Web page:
“Financial markets do not play a purely passive role; they can also affect the so-called fundamentals they are supposed to reflect. These two functions, that financial markets perform, work in opposite directions. In the passive or cognitive function, the fundamentals are supposed to determine market prices. In the active or manipulative function market, prices find ways of influencing the fundamentals. When both functions operate at the same time, they interfere with each other. The supposedly independent variable of one function is the dependent variable of the other, so that neither function has a truly independent variable. As a result, neither market prices nor the underlying reality is fully determined. Both suffer from an element of uncertainty that cannot be quantified.”
The chart below utilizes Dr. Robert Shiller’s stock market data going back to 1900 on an inflation-adjusted basis. I then looked at the markets before each significant market correction and overlaid the asymmetrical bubble shape, as discussed by George Soros.
Of course, what each of those previous periods had in common were three things:
High valuation levels (chart 1)
Large deviations from the long-term exponential growth trend of the market. (chart 2)
High levels of investor exuberance which drive chart 1 and 2.
The S&P 500 trades in the upper 90% of its historical valuation levels.
However, since stock market “bubbles” reflect speculation, greed, and emotional biases, valuations only reflect those emotions. As such, price becomes more reflective of psychology. From a “price perspective,” the level of “greed” is on full display as the S&P 500 trades at one of the most significant deviations on record from its long-term exponential trend. (Such is hard to reconcile, given a 35% correction in March 2020 and a 20% decline in 2022.)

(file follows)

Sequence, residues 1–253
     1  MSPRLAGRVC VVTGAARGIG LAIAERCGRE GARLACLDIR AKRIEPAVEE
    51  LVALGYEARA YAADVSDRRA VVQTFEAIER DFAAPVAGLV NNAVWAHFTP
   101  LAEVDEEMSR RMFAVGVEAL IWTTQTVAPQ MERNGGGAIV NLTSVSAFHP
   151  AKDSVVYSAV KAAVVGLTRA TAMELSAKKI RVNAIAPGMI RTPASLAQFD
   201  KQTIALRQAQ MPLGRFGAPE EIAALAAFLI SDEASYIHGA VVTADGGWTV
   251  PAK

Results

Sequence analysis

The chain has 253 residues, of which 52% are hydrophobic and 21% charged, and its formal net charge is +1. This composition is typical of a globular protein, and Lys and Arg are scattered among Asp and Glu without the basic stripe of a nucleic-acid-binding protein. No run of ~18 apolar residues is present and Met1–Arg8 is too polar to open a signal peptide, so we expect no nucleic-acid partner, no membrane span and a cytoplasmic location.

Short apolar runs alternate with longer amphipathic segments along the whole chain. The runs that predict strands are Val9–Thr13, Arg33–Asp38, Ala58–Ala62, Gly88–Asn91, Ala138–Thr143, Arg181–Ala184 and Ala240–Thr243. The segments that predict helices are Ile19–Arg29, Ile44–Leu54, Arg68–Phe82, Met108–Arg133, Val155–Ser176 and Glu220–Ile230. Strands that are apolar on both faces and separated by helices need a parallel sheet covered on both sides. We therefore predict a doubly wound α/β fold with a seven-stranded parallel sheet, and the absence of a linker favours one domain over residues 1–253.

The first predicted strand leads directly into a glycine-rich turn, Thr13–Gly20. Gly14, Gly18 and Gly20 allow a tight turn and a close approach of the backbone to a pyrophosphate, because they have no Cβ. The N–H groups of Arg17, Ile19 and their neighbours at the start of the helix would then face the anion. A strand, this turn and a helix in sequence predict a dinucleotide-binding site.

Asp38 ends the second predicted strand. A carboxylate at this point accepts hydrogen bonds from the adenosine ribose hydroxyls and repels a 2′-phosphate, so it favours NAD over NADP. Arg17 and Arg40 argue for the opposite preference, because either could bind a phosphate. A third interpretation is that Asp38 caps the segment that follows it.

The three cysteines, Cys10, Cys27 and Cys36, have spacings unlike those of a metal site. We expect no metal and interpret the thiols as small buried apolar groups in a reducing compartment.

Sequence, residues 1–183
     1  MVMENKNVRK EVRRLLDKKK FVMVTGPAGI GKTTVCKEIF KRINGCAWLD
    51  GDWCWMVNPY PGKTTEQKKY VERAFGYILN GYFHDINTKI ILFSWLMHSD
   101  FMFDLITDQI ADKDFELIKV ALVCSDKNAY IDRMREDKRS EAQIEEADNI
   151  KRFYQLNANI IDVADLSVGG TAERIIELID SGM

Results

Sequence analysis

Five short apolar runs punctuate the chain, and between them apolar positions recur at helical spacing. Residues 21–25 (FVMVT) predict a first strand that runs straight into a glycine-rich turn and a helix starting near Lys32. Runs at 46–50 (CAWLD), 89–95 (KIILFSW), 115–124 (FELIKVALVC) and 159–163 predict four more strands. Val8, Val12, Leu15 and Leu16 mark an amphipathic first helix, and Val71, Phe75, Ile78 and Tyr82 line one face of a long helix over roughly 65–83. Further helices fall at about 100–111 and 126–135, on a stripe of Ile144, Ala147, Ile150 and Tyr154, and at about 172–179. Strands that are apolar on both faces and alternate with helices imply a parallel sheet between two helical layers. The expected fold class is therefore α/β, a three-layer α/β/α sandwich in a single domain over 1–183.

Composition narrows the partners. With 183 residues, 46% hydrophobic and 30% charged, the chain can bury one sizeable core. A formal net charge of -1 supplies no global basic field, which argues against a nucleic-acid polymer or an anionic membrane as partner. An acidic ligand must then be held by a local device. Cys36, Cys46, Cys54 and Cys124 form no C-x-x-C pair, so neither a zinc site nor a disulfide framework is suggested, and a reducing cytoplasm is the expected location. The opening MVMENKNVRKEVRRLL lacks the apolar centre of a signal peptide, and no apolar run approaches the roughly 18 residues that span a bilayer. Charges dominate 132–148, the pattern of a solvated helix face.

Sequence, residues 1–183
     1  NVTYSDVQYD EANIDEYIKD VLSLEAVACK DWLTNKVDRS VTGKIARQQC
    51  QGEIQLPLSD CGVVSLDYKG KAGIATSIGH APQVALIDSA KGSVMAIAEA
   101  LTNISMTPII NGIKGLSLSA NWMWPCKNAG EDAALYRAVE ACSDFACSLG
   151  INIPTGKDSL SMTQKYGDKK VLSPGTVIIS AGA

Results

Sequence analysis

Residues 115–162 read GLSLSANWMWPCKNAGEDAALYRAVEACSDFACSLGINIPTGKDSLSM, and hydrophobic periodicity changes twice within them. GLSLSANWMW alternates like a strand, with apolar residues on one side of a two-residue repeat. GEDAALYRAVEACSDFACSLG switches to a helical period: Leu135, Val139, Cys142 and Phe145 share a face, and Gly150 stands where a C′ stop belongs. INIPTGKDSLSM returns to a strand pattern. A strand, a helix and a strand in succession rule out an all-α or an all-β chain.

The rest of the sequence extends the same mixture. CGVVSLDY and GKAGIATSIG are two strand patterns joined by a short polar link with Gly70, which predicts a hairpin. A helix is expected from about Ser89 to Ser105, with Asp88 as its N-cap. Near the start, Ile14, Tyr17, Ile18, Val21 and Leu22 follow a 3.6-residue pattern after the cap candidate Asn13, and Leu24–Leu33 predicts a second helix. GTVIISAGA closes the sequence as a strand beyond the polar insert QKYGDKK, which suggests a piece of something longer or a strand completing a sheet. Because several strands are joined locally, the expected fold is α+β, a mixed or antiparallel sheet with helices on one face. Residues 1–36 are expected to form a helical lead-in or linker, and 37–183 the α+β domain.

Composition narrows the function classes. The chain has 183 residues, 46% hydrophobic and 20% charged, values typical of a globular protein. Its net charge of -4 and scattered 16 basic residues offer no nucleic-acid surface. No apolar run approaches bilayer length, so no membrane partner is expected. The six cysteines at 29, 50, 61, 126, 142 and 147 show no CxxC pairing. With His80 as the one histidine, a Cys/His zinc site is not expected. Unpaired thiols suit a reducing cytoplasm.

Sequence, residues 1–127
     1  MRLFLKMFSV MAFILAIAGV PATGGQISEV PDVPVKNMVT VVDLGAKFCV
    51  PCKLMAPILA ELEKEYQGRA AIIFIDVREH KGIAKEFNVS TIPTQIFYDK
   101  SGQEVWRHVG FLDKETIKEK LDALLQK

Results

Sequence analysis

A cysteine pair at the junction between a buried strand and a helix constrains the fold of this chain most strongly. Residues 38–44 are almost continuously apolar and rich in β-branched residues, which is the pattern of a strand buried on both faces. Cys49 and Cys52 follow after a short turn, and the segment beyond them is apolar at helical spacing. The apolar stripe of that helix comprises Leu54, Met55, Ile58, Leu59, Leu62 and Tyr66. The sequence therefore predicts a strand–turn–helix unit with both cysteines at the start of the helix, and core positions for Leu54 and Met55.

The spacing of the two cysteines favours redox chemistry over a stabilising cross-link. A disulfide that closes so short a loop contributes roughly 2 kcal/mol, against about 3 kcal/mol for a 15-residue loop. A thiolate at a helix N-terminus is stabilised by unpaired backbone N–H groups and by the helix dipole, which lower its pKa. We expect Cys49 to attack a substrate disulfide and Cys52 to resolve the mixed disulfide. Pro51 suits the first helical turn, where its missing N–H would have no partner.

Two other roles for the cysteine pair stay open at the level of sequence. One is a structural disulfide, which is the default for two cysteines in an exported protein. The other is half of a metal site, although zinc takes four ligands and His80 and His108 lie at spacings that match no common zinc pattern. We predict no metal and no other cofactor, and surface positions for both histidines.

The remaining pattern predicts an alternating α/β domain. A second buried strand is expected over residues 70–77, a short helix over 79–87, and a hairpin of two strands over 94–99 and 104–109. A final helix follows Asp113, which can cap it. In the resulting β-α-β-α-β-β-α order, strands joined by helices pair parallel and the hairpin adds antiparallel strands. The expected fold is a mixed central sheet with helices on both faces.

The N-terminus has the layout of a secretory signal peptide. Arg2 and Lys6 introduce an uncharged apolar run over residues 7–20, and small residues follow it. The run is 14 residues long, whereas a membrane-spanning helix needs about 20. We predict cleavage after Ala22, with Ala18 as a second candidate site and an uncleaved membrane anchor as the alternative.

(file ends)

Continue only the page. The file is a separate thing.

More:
Historically, all market crashes have resulted from things unrelated to valuation levels. Issues such as liquidity, government actions, monetary policy mistakes, recessions, or inflationary spikes are the culprits that trigger the “reversion in sentiment.”
Notably, the “bubbles” and “busts” are never the same.
Comparing the current market to any previous period is rather pointless. Is the current market like 1995, 1999, or 2007? No. Valuations, economics, drivers, etc., all differ from one cycle to the next.
Critically, the financial markets adapt to the cause of the previous “fatal crashes.” However, that adaptation won’t prevent the next one.
There is currently much debate about the health of financial markets. Can prices remain detached from the fundamentals long enough for the economic/earnings recession to catch up with prices?
Maybe. It has just never happened.
The speculative appetite for “yield,” fostered by the Fed’s ongoing interventions and suppressed interest rates, remains a powerful force in the short term. Furthermore, investors have now been successfully “trained” by the markets to “stay invested” for “fear of missing out.”
The speculative risks and excess leverage increase leave the markets vulnerable to a sizable correction. The only missing ingredient for such a correction is the catalyst that starts the “panic for the exit.”
It is all reminiscent of the 1929 market peak when Dr. Irving Fisher uttered his famous words: “Stocks have now reached a permanently high plateau.” The clamoring of voices proclaiming the bull market still has plenty of room to run tells the same story. History is replete with market crashes that occurred just as the mainstream belief made heretics out of anyone who dared to contradict the bullish bias.
When will Soros’ “Theory of Reflexivity” affect the market? No one knows with any certainty. But what we do know with certainty is that markets are affected by gravity. Eventually, for whatever reason, what goes up will come down.
Make sure to manage your portfolio risk accordingly.